This takes some forethought, but the worship schedule information that is available on the internet makes the process much more attainable. We have learned a few things in this regard. First, be sure to find the summer worship time information if you are traveling at this time of year. Second, don’t be afraid to broaden your ecumenical horizons and attend a non-Lutheran service. Finally, be ready for the prompting and moving of the Holy Spirit in some remarkable ways….
Like the time Jo Ann and I incorporated a Prime service (not Amazon but very early morning service) at Eli Cathedral near Cambridge, England. I was drawn to this World War II allied-flier landmark by the practice of Jo Ann’s father to attend the Easter-time exorcism service that was held there years ago. Jo Ann wanted to do a brass rubbing; she did and it adorns our living room. Anyway, we found our fellow early morning worshipers to be an especially reverent group of Eli villagers. After that service in the chapel, I spoke with the cantor. He asked if we intended to tour the cathedral. We said that we would return in 90 minutes when it opened. No need, he said, I’ll turn the lights on for you and invited us to walk through. But there is more. Sitting in the center worship area for prayer, we heard a door unlock and a man with a briefcase bid us “Good Day” as he walked by. The next sound we heard was that of the bellows of the great organ filling. The main organist had come to practice! Our walk through was heavenly and lengthy. Remember that Jo Ann wanted a brass rubbing? Finally the tourist area and book shop opened and we approached to complete our artistic task. I told the ticket taker that I wanted to pay admittance. She asked if we had worshiped that morning and when I told her we had, she refused to charge us entrance. After we completed the rubbing, I noticed the CDs picturing the acclaimed organist we’d shared a “Good Morning” with earlier.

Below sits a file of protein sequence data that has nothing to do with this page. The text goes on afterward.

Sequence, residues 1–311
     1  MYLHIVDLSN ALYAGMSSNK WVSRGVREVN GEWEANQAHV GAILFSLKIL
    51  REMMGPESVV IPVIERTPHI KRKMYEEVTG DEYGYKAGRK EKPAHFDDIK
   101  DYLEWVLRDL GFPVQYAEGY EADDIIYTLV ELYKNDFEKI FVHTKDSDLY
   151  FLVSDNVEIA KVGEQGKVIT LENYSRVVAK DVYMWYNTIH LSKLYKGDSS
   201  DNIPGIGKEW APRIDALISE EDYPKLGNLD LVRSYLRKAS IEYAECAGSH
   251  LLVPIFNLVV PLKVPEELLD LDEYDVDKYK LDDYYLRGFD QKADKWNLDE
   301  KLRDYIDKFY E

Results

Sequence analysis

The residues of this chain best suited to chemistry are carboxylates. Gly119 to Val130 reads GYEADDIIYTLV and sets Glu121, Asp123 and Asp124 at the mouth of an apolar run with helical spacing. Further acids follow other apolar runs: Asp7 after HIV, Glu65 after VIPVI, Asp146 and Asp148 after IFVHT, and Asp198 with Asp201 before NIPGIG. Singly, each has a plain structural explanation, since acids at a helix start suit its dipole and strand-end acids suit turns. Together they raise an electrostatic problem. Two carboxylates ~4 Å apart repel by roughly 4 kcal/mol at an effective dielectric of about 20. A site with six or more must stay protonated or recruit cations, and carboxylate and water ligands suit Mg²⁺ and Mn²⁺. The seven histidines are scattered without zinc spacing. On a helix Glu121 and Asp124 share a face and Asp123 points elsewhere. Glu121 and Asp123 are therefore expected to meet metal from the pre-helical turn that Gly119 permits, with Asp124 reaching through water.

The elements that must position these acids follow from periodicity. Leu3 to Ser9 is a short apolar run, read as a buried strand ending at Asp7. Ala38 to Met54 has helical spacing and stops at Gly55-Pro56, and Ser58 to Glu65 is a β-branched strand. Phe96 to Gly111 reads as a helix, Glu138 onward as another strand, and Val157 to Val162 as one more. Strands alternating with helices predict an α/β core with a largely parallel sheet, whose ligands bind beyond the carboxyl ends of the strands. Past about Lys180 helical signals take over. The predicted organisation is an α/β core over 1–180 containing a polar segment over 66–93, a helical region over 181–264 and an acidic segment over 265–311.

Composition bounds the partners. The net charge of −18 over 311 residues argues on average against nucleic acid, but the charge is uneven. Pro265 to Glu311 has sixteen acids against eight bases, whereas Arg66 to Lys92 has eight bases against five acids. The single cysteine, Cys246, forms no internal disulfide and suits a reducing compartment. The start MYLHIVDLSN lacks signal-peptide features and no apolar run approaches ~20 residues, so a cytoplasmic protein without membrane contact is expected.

One more… when we traveled to Ireland through the generosity of the faithful of Christ Lutheran and their ministry anniversary gift, Jo Ann wanted to attend the Evensong Service on Sunday afternoon at St. Patrick’s in Dublin. I have to admit that the walk from the Guinness Storehouse tour was longer than anticipated, so we arrived just 10 minutes before the start. The cathedral was full of tourists with a wait to get in, but when I told the attendant that we were there to worship, she smiled widely and ushered us, ushered us to our pew. As it turned out she was the liturgical marshal for the service itself and later told me that Bono loved to sing Evensong when he was there.
I have mentioned these stories to other pilgrim travelers and they have recounted similar worship experiences. As great as these cathedrals may be, they are simply places of worship to the Triune God who calls people to His grace and mercy and draws them together from the ends of the earth to worship Him as brothers and sisters in Christ.
Your fellow pilgrim,